DistribuTECH 2016: “The Future Isn’t/Ain’t What it Used to Be”
“Focused on the Future” was the theme of DistribuTECH 2016 and the conference lived up to that promise. In the words of Yogi Berra (maybe) and others, the concept was demonstrated in Orlando. The buzz words this year were “grid modernization”, with mention of transmission and an emphasis on the distribution grid, notably a distribution grid with distributed energy resources (DER) and microgrids. From someone who has attended the conference since the 90s, while other conferences come and go, DistribuTECH continues as the “place to be” for business and learning.
The exhibitors have evolved over the years. In the beginning the conference was all about the energy hardware – transformers, switches, meters. In the 2000s, information technology began to penetrate the floor with software and service vendors presenting their wares for the utility industry. Now, it’s a combination of energy hardware and software, with smart equipment supporting the billing, load forecasting, reliable grid operations, integration of renewables and microgrids.
Contacts are made and deals are initiated and closed at DistribuTECH, no question about it. For engineers and techies, the exhibit floor provides the place get up close and personal with the technology. Sponsorships telegraph a supplier’s commitment to the industry, especially important when the industry is in so much transition. Then there are the dinners and adjacent meetings – of note was a breakfast meeting sponsored by Energy Central with a panel of heavy-hitters from APS, Sempra Gas and Power, Pepco, and Exelon talking innovation.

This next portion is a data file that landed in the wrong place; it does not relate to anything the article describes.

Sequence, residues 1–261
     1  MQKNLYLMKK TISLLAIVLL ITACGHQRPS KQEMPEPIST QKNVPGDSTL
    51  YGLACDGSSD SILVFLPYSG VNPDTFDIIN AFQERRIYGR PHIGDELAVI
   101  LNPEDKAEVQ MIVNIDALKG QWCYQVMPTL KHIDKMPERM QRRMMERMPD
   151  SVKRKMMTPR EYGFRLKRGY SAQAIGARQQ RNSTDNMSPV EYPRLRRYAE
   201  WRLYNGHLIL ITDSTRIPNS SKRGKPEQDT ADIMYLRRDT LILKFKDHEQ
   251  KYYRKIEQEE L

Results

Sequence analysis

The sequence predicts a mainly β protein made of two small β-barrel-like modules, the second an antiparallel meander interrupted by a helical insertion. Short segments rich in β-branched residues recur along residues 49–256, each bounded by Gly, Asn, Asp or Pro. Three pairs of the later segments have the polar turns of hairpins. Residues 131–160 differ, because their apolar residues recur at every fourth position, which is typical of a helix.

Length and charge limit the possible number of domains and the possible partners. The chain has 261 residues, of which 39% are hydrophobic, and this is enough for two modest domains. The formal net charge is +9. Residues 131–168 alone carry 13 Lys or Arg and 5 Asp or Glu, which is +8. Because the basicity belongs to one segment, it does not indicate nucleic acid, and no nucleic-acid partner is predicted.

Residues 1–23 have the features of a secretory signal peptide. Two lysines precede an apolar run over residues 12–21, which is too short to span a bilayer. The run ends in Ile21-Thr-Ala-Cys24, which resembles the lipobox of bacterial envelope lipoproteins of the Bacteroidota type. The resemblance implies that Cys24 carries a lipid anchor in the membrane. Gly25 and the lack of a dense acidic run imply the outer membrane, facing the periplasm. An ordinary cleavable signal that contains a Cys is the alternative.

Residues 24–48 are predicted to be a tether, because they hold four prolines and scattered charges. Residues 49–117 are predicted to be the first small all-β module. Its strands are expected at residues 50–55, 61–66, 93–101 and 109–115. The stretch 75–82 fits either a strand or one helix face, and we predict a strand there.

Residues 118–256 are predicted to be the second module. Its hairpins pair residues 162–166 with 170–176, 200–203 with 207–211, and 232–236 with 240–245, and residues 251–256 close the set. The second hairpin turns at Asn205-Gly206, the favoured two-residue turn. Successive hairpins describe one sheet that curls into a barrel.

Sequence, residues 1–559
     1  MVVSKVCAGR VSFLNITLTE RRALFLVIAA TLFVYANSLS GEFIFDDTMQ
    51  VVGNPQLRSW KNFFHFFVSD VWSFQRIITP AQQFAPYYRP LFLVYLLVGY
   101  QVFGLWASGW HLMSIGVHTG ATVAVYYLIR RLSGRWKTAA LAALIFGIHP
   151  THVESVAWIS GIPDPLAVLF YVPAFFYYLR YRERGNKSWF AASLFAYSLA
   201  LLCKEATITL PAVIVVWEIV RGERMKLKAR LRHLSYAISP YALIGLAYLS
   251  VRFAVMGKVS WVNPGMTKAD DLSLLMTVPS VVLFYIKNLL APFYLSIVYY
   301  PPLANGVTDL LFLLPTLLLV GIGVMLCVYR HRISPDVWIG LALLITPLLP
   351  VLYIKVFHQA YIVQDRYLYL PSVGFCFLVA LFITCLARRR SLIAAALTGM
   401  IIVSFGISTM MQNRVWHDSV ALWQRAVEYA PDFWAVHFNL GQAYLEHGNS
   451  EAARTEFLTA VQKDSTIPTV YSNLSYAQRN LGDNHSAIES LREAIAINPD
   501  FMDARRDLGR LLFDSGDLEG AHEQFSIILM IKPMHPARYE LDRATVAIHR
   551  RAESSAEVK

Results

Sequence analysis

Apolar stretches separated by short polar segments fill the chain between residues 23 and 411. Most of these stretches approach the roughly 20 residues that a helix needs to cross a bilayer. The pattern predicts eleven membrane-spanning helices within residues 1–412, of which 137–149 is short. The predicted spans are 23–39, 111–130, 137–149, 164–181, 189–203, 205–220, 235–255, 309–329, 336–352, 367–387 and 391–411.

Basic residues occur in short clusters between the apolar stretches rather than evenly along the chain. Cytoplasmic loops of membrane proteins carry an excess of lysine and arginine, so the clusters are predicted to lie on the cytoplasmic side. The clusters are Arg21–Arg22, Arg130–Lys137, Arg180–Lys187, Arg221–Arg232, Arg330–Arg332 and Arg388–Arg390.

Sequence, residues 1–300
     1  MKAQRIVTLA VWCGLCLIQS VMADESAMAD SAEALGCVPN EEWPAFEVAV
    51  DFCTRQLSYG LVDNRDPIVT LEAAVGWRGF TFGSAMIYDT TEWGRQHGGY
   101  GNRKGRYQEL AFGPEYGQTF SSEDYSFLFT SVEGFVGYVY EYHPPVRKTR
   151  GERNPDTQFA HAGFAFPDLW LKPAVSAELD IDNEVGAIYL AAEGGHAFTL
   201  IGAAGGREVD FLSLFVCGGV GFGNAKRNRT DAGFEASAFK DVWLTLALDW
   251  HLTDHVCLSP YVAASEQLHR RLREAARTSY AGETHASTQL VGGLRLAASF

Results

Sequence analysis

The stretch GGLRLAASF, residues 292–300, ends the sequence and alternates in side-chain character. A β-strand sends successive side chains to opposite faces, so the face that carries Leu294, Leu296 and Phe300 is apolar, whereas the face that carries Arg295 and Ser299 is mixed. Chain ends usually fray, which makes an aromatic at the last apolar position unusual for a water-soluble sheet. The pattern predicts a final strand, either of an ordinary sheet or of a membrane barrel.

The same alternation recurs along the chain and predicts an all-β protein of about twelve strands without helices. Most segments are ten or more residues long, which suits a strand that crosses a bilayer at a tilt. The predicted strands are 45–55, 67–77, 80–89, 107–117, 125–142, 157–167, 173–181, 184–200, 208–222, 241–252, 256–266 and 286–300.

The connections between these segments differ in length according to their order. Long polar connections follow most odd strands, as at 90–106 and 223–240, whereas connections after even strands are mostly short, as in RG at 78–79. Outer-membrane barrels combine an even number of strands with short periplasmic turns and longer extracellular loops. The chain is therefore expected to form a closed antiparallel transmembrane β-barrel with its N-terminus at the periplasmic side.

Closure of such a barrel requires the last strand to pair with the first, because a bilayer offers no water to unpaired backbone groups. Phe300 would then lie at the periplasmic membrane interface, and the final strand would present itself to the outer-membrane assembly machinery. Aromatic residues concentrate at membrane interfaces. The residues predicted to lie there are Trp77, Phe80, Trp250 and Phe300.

This year, I discovered how much can be learned from attending sessions on Integrating Renewables and Energy Storage, Microgrids and Emerging DER along with the traversing the exhibit floor. Here are a few notables on microgrids.
Utilities are in the early stages of vetting micro-grids. Even though microgrids in the form of industrial parks, hospital areas and university campuses have been around for some time, utilities have initiatives to study them. They are asking questions such as:
- Can micro-grids support grid resiliency? Are micro-grids that have robust islanding capabilities (more than limited back-up power) the most cost-effective alternative for keeping critical facilities up and running? Would the utility be allowed to call on the microgrid for grid support in other situations?
- Can microgrids work with existing equipment in campus-like facilities? Duke Energy’s micro-grid demonstration of controlling equipment throughout the exhibit floor was quite impressive. Duke, along with its “Coalition of the Willing”, is vetting the interoperability of the technology and testing out OpenFMB, a standard supported by the SGIP.
- Is there a business case for microgrid as a customer offering? This may make sense on the unregulated side of the business, but the case is harder to make for regulated entities. For example, a utility may not be allowed to make capital investments in equipment on the customer side of the meter, so would be limited to offering management services, with the customer or other entity owning the storage, wind, solar, microgrid control systems, etc. while the utility operates the microgrid.
Stay tuned for DistribuTECH 2017 take-aways on integrating renewables, energy storage, grid management and demand response.